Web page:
Posted by: Rachel | October 22, 2010

first impressions

“You never get a second chance to make a first impression.” I’m not absolutely sure that this is true, but I do know that first impressions can count for a lot.

I was lucky this week to visit an outcropping of the Griffin Photography Museum and enjoy an exhibit of photographs titled “Food Cycles”. The photographer, Francine Zaslow, has a fascinating take on food as art. Her images, which are on display at the very intimate gallery at Digital Silver Imaging in Belmont, Massachusetts, are intriguingly delicious.

You must understand that these are *my* first impressions of her work. I love these silvery visions, so removed from glossy food magazine and cookbook portrayals of perfect doneness. This isn’t food in the “we eat with the eyes” sense exactly, it is food as art, and being a pragmatist (and foodie, I guess) I asked the folks at the gallery if the subjects of the photographs had in fact been eaten after the shoot.

I was assured that nothing had gone to waste, and gee, I wish I’d been there! The cooked art was prepared (if I understood correctly) by chef David Remillard, and the prop stylist, Beth Wickshire gets high marks for the bowls, platters, skillets, and scoops she brought to the table.

I have to tell you that I don’t understand how they do what they they do at DSI to turn warm food into cool prints. Their site says “Digital Silver Imaging offers a unique printing process that provides beautiful fiber-based and resin-coated black & white silver gelatin prints directly from digital files.” but I think its some sort of magic. In any event, I loved the exhibit. Her “Belt Fish l” makes me wish I was a Pisces, and her “Silkie Chickens” could be dragon embryos. (Again, *my* first impressions, ok?)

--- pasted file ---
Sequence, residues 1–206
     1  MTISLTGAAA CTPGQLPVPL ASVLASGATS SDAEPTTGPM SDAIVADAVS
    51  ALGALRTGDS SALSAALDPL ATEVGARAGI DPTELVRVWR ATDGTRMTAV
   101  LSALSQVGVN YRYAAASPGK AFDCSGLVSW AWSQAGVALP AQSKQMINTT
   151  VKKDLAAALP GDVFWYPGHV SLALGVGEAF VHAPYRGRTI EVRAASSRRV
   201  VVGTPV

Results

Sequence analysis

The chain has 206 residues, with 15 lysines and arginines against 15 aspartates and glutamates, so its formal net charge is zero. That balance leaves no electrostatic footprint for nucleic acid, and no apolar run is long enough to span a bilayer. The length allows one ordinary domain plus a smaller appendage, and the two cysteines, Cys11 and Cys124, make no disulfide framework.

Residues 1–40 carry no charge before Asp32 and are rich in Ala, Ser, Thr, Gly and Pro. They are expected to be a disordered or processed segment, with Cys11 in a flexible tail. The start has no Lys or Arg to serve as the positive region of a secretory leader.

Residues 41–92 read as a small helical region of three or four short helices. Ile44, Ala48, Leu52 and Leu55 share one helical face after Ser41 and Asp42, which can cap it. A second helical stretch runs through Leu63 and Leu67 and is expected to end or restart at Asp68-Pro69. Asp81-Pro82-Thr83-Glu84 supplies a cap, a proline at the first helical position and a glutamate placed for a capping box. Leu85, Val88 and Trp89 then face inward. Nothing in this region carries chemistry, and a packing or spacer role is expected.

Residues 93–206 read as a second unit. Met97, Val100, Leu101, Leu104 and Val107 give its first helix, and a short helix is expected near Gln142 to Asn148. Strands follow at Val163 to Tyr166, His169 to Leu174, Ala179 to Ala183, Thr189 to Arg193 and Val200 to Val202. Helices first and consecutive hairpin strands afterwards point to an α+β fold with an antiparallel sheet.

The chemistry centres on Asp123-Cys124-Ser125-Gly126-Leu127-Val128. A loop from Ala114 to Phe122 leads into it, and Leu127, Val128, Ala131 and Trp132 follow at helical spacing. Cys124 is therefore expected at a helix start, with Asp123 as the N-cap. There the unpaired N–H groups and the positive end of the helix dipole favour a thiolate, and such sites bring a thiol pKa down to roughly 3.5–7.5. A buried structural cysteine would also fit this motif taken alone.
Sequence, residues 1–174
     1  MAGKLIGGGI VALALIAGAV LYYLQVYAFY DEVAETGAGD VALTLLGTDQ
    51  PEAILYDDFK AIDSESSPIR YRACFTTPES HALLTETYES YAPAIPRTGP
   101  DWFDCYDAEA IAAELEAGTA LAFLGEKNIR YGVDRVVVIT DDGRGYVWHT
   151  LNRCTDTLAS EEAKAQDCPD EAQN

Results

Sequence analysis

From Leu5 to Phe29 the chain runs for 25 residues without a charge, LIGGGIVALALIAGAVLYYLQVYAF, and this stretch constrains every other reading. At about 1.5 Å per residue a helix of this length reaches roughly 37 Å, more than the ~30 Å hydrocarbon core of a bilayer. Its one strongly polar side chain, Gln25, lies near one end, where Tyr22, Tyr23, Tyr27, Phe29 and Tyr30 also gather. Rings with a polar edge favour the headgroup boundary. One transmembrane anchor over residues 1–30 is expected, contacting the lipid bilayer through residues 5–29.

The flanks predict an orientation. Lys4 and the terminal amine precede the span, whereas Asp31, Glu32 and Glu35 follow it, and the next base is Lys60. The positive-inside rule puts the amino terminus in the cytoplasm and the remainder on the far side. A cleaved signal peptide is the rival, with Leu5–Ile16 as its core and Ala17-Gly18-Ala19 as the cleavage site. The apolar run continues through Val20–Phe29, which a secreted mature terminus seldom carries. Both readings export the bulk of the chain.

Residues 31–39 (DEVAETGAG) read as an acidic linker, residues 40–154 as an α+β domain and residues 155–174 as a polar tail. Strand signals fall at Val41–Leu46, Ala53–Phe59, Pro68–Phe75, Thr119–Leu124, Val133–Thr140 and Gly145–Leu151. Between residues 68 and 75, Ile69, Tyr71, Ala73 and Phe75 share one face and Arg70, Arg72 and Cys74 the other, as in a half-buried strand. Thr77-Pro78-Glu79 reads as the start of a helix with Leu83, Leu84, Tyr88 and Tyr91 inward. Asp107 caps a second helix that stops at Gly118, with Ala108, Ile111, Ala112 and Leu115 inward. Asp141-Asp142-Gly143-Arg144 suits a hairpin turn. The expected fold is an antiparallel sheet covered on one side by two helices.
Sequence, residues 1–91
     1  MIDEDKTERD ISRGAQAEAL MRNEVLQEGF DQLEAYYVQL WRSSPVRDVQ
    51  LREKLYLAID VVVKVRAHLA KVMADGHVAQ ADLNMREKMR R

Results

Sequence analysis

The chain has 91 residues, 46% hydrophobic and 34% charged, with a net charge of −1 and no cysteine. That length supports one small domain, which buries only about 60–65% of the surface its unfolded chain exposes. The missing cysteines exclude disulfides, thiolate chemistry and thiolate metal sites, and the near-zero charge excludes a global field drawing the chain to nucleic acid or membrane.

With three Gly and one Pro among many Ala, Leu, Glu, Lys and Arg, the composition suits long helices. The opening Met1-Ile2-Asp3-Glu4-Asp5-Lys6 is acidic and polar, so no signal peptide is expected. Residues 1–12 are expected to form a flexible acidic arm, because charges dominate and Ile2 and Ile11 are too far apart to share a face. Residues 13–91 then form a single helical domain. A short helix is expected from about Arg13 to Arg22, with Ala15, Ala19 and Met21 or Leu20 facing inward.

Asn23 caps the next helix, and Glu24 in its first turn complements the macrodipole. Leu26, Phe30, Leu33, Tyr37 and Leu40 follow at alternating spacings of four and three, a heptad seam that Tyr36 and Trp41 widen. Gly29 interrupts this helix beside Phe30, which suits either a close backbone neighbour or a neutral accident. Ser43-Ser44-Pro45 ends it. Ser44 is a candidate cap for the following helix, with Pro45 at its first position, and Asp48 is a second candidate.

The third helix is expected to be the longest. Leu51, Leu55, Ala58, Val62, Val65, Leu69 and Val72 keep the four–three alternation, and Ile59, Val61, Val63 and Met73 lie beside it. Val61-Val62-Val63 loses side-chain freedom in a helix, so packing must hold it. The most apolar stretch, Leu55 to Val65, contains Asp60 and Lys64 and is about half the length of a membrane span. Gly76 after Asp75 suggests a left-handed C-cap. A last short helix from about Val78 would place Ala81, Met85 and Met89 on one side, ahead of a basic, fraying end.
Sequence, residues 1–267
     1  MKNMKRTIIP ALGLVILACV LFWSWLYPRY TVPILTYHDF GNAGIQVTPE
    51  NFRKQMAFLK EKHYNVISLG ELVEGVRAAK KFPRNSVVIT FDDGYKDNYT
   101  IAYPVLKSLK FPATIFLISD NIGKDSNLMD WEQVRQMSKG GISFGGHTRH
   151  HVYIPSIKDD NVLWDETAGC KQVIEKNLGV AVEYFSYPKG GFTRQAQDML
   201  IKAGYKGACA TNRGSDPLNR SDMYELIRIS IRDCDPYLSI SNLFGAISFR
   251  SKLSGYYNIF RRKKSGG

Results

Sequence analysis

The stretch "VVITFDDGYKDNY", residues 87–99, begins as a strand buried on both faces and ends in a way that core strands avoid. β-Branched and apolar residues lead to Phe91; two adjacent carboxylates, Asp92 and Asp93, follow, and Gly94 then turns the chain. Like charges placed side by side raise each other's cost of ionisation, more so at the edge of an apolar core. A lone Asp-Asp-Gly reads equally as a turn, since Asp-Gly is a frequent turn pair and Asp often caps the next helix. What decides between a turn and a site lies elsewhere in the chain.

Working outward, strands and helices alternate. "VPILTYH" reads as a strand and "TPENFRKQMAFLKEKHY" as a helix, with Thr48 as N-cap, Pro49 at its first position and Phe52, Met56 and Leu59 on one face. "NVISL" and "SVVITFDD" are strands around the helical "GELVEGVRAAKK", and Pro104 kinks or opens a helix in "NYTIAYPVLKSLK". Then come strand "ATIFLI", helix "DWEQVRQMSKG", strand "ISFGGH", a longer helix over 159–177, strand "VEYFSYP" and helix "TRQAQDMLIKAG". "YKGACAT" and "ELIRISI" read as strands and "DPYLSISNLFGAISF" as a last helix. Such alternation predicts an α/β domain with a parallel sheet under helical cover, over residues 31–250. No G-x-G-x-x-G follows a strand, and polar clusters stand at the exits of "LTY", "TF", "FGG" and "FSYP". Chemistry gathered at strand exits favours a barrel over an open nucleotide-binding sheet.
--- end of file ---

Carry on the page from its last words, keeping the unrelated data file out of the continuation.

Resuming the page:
I suppose for some folks the chicken feet might be a bit, um, graphic, but they surely do make good soup. And, (especially if you read last week’s post) you have to know I love her photographs of sea salt. The quail eggs, showcased with their duck egg cousins, appear unimaginably delicate.

So, I am thinking that overall my first impressions were wow and yum and wow, pretty much in that order. I hope you get to visit the gallery or at least visit her web site and see what she’s up to.

I leave you today with an appetizer suggestion, enjoy it and let your guests form their own first impressions.

Shrooms ‘n Eggs

1 dozen quail eggs
1 dozen mushroom caps (Crimini or button about 2-inches across each)
2 T butter
4 or 5 cherry tomatoes sliced very thin
fresh grated Parmesan
black pepper
(fresh basil or thyme, optional)

Sauteé the mushroom caps in butter until soft. Place them gill-side up in a broiler-safe baking dish or on a cookie sheet. Slice the cherry tomatoes very thin, and lay one slice in each cap. Gently open the quail eggs (**see below) and place one in the cavity of each mushroom cap on top of the tomato slice. Slide under the broiler until the eggs are just set (1 or 2 minutes). Top with a pinch of cheese, a grind of pepper and a bit of chopped fresh herbs if desired.

** To open quail eggs, use a sharp small knife. Hold the egg and gently cut a “ring” about a quarter of the way down the egg with the knife. Pop the top off and Bob’s your uncle.

Fresh quail egg shells are not as hard as a chicken egg shell, so a sharp knife will cut the shell pretty easily, but “cracking” them like a chicken egg will not work well in my experience. Quail eggs are available at many large groceries or specialty or Oriental markets. They are very mild in flavor and adorable.

No photos from me this week. I’m overwhelmed with the images I’m still trying to digest! And, I think I must disagree with Paul Simon when he claims that “everything looks worse in black and white”. Hmmm… your thoughts?



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